The reaction to the U.S. government’s decision to conditionally allow Shell to drill in the Chukchi Sea this summer has been harsh in many media outlets. The non-profit organization Greenpeace is carrying out an aggressive campaign against Shell, which The Guardian – the newspaper behind the “Keep it in the Ground” campaign – is covering non-stop. The New York Times ran an op-ed by environmentalist Bill McKibben lambasting President Barack Obama’s “catastrophic climate change denial.” The media in Russia, however – a country where the petroleum industry accounts for 26.5% of GDP – has a different take on Arctic oil exploration. Gazeta, a privately-owned online Russian newspaper, published a story by journalist Alex Topalov on May 12 entitled “Americans rush to the Arctic” (“Американцы рвутся в Арктику”). The article depicts Shell’s plans as logical and future-oriented, while the subtext seems to be that Russia could have a new competitor in the Arctic offshore industry hot on its heels.
The Bureau of Ocean and Energy Management’s conditional approval of Shell’s exploration plans is relevant to Russians for both environmental and industrial reasons. On the one hand, the Chukchi Sea is right in between Alaska and Chukotka, Russia’s most northeastern region. While Shell will be drilling much closer to Alaska than Chukotka (see above map), any oil spills or accidents could still affect Russia’s coastline, where some indigenous Chukchi people still live. Most Chukchi were forcibly assimilated into sedentary lifestyles under the Soviet Union, but some still hunt whales and fish for subsistence purposes. The Chukchi Sea is also teeming with wildlife on the Russian side, from the walruses that haul out every year onto places like Herald Island to the polar bears that sometimes eat the tusked marine mammals.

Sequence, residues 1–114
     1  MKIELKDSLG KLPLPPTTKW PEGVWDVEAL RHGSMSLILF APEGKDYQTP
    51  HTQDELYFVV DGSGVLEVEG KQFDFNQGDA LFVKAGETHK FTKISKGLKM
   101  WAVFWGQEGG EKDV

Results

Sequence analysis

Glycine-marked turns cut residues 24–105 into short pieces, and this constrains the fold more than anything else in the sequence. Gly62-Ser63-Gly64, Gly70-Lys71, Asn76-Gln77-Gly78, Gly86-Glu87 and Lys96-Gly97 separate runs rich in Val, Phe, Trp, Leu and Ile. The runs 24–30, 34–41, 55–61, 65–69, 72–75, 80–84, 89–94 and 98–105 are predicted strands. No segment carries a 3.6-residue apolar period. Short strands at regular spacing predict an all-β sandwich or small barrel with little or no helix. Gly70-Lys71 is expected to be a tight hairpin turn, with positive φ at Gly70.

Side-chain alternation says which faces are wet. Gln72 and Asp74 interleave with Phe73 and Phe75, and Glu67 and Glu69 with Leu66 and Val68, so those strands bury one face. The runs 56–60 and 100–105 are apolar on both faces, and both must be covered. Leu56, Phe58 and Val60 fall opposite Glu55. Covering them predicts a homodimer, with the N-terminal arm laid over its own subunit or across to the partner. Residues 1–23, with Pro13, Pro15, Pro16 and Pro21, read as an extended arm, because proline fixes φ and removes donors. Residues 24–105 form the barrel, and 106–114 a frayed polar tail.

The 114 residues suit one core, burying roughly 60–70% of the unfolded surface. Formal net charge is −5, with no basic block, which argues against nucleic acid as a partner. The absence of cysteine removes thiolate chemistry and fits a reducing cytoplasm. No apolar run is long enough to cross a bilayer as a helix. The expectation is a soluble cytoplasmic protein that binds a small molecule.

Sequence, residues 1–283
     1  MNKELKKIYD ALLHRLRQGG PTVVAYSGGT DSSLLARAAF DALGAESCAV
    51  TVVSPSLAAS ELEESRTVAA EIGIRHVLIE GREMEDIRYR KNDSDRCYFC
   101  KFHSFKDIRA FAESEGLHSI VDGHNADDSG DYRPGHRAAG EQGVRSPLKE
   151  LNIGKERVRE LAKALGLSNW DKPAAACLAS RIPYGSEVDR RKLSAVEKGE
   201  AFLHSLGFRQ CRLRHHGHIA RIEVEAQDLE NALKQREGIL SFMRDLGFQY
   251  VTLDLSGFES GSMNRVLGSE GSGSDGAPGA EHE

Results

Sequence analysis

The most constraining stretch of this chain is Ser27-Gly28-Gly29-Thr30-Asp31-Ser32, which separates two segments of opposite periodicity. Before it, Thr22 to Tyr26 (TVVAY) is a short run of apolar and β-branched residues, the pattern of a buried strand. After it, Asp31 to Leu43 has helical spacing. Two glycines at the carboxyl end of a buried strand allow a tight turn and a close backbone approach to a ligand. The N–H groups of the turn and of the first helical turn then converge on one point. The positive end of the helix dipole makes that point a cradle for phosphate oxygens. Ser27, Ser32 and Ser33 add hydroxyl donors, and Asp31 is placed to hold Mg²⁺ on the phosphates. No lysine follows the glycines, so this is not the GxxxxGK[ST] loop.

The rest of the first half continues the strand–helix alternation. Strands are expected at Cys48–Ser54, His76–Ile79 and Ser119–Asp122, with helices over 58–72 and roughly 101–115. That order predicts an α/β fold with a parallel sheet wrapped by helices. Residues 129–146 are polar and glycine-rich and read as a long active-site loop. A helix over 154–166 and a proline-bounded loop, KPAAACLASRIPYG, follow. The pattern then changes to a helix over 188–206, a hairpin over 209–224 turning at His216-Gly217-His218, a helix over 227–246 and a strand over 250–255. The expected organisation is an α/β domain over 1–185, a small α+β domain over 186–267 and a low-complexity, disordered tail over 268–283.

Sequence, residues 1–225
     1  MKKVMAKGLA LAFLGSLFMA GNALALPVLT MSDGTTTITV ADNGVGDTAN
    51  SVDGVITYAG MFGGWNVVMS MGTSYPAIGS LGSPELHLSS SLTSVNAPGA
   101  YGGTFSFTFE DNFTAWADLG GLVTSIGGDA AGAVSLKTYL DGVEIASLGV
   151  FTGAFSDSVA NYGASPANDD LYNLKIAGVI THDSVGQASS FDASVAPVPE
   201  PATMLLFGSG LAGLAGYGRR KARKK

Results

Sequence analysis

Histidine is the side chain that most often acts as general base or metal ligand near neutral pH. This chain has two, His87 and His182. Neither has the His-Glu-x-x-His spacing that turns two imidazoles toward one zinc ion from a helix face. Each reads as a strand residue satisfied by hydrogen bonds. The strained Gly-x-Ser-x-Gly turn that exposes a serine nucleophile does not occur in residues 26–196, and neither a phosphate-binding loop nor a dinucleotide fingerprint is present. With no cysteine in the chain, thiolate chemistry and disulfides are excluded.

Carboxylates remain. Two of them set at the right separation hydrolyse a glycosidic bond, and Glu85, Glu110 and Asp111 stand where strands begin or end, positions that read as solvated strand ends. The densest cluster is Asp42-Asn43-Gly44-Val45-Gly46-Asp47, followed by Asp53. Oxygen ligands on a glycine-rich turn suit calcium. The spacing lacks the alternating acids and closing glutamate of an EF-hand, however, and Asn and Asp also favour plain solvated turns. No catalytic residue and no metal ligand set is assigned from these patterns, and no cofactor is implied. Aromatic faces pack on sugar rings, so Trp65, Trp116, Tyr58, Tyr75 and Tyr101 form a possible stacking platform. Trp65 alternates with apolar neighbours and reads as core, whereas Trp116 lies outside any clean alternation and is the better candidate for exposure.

More importantly for the Russian government and industry, however, is the sense of industrial competition brewing across the Bering Strait. Russia already has one active Arctic offshore field, Prirazlomnoye, in the Pechora Sea. As Topalov pointed out in his article for Gazeta, the U.S. has none. He wrote (translated from the Russian),
“At the moment, offshore work in the U.S. Arctic is almost not conducted except for in Prudhoe Bay in Alaska. But it cannot be considered offshore, for it goes onto the shelf only partially.”